When Francesca Ekwuyasi arrived in Halifax seven years ago to pursue her masters in international development studies at Saint Mary’s University, “it took awhile to get an invitation for tea.” Though it’s a city that prides itself on Maritime hospitality, Halifax can be a tough place to make meaningful connections, especially during those bitterly cold winter months when no one wants to venture outside, let alone make new friends. Despite the beautiful ocean views, Ekwuyasi was lonely and ready to pack it in before she finally found her people.
That tension of being attracted to a place or thing while urgently seeking escape from it runs through Ekwuyasi’s stunning debut novel, Butter Honey Pig Bread, a cosmopolitan, multigenerational saga published by Vancouver’s Arsenal Pulp Press, which blends Nigerian folklore with a queer love story. Twin sisters Kehinde and Taiye are estranged following a childhood trauma that reveals itself late in the story, yet the two are still connected in spiritual and physical ways. Both have left behind their home in Lagos, Nigeria, eventually residing a short flight from each other in Canada: Taiye abandoning a hedonistic life in the U.K. to attend culinary school in Halifax while Kehinde, now engaged to be married, pursues a career as an artist in Montreal.
Taiye’s discovery of Halifax, and appreciation for its complicated history and landscape, is similar to Ekwuyasi’s own journey. “I was trying to find the beauty,” she says. Her process for writing her characters’ lives is also very similar to how she discovers a place. There is a lot of walking around, thinking, and observing.
Ekwuyasi began writing in 2013 while back in Nigeria to do a mandatory one-year stint in the country’s National Youth Service Corps after finishing her degree at the State University of New York. While waiting for her Canadian visa to arrive, Ekwuyasi spent a lot of time in the library of her youth – which was much smaller than she recalled. There she picked up a copy of Teju Cole’s 2011 novel, Open City, which follows Julius, a Nigerian psychiatry student, as he wanders through the streets of New York. She was also reading a lot of folklore, including stories of the Ọgbanje – reborn spirit children who cause grief to their families, comparable to European stories of changelings. In Butter Honey Pig Bread, Taiye and Kehinde are reunited in Lagos after more than a decade with their mother, Kambirinachi, who has believed her entire life that she is an Ọgbanje. She is also convinced she has passed on that legacy of misfortune to her children, who in one scene experience a celestial moment with each other, despite their estrangement. Twins are also popular figures in Nigerian folklore.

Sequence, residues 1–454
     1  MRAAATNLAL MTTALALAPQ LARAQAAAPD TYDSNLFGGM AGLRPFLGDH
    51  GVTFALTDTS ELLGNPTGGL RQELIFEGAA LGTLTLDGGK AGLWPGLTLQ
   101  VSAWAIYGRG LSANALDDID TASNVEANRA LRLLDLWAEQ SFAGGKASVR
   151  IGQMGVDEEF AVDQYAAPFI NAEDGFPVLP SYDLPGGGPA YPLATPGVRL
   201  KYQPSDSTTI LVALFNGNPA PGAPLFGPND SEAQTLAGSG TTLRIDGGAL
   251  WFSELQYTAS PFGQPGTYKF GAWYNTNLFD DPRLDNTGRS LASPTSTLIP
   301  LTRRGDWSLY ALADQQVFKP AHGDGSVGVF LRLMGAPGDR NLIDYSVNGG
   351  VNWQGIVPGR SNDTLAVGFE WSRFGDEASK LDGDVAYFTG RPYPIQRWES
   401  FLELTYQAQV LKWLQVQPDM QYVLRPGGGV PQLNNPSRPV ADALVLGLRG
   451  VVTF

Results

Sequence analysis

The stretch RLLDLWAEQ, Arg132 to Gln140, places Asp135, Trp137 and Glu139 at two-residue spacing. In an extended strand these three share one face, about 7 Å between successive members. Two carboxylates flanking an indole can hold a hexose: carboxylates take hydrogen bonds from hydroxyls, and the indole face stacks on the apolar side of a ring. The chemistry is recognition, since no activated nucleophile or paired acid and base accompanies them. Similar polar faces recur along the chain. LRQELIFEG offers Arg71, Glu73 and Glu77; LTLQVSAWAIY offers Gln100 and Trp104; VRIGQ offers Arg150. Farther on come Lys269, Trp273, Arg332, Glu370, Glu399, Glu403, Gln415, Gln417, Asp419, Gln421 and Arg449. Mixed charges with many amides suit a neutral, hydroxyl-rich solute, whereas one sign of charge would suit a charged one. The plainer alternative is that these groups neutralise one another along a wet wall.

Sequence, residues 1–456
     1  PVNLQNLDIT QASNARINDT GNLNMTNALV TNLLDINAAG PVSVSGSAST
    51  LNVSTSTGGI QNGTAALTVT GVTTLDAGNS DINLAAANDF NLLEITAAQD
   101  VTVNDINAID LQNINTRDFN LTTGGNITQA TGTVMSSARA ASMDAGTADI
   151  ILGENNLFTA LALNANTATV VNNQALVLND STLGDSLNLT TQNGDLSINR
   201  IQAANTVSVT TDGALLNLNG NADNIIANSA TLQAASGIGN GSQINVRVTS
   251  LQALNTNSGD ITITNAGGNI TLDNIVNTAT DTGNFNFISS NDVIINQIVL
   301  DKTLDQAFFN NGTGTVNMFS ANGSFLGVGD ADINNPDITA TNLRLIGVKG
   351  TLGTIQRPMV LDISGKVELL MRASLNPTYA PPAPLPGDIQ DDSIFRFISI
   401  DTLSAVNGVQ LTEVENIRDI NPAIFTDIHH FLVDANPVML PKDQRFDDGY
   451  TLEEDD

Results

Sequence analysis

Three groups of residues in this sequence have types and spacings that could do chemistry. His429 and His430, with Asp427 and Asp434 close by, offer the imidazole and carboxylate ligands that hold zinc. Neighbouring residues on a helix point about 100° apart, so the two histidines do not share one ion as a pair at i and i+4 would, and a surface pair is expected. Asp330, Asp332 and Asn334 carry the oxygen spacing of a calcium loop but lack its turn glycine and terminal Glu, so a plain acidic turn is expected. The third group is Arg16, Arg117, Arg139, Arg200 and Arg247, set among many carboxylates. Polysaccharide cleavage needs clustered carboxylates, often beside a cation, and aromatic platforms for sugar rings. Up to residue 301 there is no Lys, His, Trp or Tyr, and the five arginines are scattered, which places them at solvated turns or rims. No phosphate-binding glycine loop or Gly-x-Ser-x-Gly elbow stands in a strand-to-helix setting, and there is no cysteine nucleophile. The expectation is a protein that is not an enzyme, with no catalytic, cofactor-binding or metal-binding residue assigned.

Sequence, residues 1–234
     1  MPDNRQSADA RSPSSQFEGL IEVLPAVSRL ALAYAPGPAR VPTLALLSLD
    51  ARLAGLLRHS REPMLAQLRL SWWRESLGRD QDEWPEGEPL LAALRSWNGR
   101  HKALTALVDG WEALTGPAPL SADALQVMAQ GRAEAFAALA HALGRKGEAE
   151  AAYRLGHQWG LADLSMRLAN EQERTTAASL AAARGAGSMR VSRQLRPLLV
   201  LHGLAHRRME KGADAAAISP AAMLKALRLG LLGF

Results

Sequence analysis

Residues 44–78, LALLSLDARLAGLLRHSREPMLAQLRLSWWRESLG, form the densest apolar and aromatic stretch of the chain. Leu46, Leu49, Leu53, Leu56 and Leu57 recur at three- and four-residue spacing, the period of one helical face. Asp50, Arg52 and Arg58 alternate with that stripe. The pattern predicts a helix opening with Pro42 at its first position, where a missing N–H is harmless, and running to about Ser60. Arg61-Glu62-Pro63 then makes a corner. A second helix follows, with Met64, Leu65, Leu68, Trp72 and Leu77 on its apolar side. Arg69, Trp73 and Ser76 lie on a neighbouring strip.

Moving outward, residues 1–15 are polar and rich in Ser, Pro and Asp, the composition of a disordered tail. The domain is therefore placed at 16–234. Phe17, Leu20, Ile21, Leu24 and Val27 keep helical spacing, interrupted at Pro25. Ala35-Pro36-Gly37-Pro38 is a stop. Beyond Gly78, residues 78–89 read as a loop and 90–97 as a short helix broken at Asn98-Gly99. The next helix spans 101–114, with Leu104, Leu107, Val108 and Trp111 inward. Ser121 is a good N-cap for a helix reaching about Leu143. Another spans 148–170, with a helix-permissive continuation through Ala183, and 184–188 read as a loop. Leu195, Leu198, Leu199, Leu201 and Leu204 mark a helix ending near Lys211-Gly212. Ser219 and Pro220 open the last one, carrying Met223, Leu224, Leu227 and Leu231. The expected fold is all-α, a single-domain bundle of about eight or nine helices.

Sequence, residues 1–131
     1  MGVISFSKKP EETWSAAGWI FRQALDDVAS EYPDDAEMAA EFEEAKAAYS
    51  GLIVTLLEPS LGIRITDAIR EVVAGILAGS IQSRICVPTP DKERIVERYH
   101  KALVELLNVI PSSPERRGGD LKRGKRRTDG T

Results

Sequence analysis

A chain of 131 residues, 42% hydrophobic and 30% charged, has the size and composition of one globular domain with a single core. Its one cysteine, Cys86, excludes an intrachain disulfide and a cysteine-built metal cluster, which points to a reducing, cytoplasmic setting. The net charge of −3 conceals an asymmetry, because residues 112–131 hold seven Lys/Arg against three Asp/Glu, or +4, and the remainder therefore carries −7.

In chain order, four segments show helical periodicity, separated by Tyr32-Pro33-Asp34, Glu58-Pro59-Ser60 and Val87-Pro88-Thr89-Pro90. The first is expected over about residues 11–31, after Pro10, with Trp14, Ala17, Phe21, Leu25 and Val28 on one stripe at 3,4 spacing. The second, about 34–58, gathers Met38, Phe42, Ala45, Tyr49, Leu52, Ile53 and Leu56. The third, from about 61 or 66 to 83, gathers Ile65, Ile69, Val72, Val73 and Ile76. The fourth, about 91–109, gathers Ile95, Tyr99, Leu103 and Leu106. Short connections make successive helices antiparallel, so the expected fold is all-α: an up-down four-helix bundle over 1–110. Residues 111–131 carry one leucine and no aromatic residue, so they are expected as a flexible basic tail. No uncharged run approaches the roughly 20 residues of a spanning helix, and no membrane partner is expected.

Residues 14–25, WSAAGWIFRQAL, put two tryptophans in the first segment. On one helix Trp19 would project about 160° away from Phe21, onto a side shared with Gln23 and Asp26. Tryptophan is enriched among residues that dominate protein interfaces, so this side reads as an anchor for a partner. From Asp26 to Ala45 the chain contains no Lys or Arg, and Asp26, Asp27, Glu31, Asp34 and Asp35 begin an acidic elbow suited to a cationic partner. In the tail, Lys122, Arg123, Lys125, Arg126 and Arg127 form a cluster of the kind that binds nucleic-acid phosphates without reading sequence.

“A lot of Nigerian books I read as a kid were about twins and spirituality and deities. There was lots of wrath,” Ekwuyasi says. “But during my research for the book, the more I got into it, the more I realized I didn’t know how much I needed to know.”
While living in Halifax – despite her initial misgivings, it’s the city that Ekwuyasi has lived the longest as an adult – she began submitting stories to journals; her story “Ọrun Is Heaven” for GUTS landed on the 2019 Journey Prize longlist. She kept busy with other pursuits, too. She exhibited intricate paper-cut sculptures at a local artist-run centre and produced several documentaries, including a series capturing the experiences of other Black Haligonians.
Ekwuyasi quietly continued writing Butter Honey Pig Bread, despite the fact that she didn’t have any plans for publication. “I was just following my interests,” she says. “A lot of ideas were falling into place though I didn’t know how they would work out.” That includes food: the book is filled with lingering scenes of meal preparation. “I love to cook and to read about food and watch shows about food,” Ekwuyasi says. “I really wanted the book to feel sensual, separate from sex.”
On a friend’s recommendation, Ekwuyasi sent an unsolicited partial draft to Arsenal Pulp Press. She was familiar with the publisher, which has a reputation for spotting rising talents, through her job at Venus Envy, a sex shop and bookstore. “I really liked what they produce and how they support their writers,” she says.
Around the time she learned that Arsenal Pulp wanted her manuscript, Ekwuyasi lost her Canadian work permit for bureaucratic reasons (she’s now a permanent resident). She was worried for her future and whether she could finish the book for her new publisher. But all worked out: the city, the connections, and the writing.
“This is my dream come true,” Ekwuyasi says.
Photography by Mo Phung